I’m writing this in the week prior to Thanksgiving so I may enjoy next week with my family. Given all the uproar and hysteria in the romance world this week, I’m expecting to return to an industry in complete disarray. Or perhaps over the next ten days, all publishing will decide to pull up roots and move to Nashville. Or everything will have settled back to normal. So I’ll refrain from commenting upon the gossip flying about and wait to see the results. (photos of disarray are limited, so this is as close as I can get to fruit basket upset…)
But I will use the lesson of Change for today’s ramble. The world changes every day. We can’t stop it or we would stagnate and all life would die. If people didn’t change, they’d never learn lessons, never grow, and from my perspective, if nothing changed, the future would look mighty bleak because this world is far from perfect. Admittedly, a lot of change happening quickly can be terrifying, but technology has a habit of creating change, for better or worse, so we may as well get used to it.
It would take a doctoral thesis to relate how the changes of history have brought us out of caves into today’s world, but I’m not much interested in earning a PhD. What set off this train of thought was a book I recently finished reading. I’d been looking forward to this story because it has all the wonderful topics I enjoy—ghosts and restoring lovely old houses and secrets hidden in the past. I was prepared to curl up in my chair before the fire and spend hours wallowing in delight.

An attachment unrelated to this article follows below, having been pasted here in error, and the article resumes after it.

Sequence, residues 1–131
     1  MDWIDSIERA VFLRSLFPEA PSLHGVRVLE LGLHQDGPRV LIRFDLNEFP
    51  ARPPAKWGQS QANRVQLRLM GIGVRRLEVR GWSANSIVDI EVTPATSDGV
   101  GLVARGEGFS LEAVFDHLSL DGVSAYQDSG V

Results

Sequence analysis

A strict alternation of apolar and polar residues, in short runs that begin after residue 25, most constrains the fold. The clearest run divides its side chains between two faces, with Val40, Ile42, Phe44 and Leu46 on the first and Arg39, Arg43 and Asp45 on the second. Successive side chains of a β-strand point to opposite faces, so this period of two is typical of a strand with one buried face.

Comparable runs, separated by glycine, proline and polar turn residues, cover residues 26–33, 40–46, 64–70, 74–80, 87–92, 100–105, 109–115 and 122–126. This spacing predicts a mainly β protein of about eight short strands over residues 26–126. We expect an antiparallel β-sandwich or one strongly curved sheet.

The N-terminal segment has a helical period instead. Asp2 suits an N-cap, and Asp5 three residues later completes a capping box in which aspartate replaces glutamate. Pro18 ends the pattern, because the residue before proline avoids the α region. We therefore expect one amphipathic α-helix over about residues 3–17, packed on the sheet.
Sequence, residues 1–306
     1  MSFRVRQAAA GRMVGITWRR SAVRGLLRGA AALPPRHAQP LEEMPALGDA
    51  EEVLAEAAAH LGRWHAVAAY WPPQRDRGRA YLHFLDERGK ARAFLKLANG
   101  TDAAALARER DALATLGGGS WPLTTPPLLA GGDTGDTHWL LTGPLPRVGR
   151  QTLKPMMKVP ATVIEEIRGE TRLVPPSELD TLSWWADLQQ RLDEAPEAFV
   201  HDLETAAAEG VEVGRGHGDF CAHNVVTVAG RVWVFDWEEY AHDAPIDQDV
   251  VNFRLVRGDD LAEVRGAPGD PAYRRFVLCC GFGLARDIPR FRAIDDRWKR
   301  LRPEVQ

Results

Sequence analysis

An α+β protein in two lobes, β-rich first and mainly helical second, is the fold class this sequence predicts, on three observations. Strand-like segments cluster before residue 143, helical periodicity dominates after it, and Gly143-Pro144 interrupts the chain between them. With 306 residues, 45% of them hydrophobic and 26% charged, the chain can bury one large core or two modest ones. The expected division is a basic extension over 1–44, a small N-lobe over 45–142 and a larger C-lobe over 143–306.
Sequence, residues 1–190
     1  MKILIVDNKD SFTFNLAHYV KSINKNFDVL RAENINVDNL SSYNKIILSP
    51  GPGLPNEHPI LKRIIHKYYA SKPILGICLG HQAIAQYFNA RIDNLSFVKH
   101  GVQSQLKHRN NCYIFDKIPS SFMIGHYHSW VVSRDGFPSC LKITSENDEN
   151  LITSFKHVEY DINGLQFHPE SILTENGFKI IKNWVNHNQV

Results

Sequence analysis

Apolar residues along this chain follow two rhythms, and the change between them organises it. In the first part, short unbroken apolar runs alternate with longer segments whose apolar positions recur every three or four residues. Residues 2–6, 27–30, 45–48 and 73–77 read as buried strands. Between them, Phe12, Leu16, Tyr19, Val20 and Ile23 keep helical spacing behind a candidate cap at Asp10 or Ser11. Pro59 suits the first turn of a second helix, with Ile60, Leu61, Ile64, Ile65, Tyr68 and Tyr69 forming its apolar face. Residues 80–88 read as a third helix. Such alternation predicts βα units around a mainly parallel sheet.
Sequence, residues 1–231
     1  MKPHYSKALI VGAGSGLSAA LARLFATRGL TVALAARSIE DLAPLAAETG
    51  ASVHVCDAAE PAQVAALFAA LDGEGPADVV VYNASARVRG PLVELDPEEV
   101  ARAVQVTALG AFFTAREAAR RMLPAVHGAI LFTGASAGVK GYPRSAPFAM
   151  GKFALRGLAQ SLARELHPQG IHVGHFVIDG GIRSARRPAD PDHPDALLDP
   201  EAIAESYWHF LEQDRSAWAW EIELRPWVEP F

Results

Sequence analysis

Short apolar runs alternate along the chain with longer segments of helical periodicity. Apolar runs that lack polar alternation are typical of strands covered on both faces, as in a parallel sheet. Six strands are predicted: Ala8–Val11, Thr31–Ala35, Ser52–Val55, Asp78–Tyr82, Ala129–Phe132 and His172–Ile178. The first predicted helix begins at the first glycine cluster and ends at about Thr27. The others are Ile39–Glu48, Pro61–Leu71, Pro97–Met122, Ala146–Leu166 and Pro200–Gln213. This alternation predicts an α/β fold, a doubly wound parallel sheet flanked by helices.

Instead, I almost ended up heaving the book in the fire because the protagonist never changed. Never. Ever. She lived in a state of complete denial for three hundred wretched pages. She wasn’t that wonderful a person to start with, but I’m ready to accept flawed characters who grow and change and take their lessons gracefully. But this one never had an opportunity because she never asked questions. How can you have a mystery without asking questions? It’s insane! Is it possible to walk through life never questioning why? Just accepting that this is how it is and moving on? Denying the evidence before one’s eyes and believing what others tell you instead? What kind of dense, thickheaded idiot is that? And even if the character has reason to live in denial, what is the point of writing a book about someone who never grows out of a major flaw? The mystery solved itself, whoopee. Or maybe the ghosts solved the mystery, because this protagonist was too thick to think for herself. By the end, I didn’t care.
Have you ever looked forward to a book and suffered immense disappointment? Go ahead, rant away. I just did. Can you enlighten us and tell why you were disappointed?
And I would relate this to the uproar about vanity press and self-publishing that’s currently searing the internet, but I’m a little afraid the subject is too immense to tackle. How will we find good books in the future if everyone publishes everything on their own? Scary change.